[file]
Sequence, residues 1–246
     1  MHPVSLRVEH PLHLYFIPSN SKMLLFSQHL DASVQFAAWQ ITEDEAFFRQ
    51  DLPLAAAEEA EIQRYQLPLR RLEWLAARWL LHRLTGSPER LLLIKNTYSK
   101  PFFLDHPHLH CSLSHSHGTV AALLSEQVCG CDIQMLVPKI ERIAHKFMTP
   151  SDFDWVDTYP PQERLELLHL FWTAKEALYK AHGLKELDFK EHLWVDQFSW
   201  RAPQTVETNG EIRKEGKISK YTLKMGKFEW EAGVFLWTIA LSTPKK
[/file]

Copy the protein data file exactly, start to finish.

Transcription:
Sequence, residues 1–246
     1  MHPVSLRVEH PLHLYFIPSN SKMLLFSQHL DASVQFAAWQ ITEDEAFFRQ
    51  DLPLAAAEEA EIQRYQLPLR RLEWLAARWL LHRLTGSPER LLLIKNTYSK
   101  PFFLDHPHLH CSLSHSHGTV AALLSEQVCG CDIQMLVPKI ERIAHKFMTP
   151  SDFDWVDTYP PQERLELLHL FWTAKEALYK AHGLKELDFK EHLWVDQFSW
   201  RAPQTVETNG EIRKEGKISK YTLKMGKFEW EAGVFLWTIA LSTPKK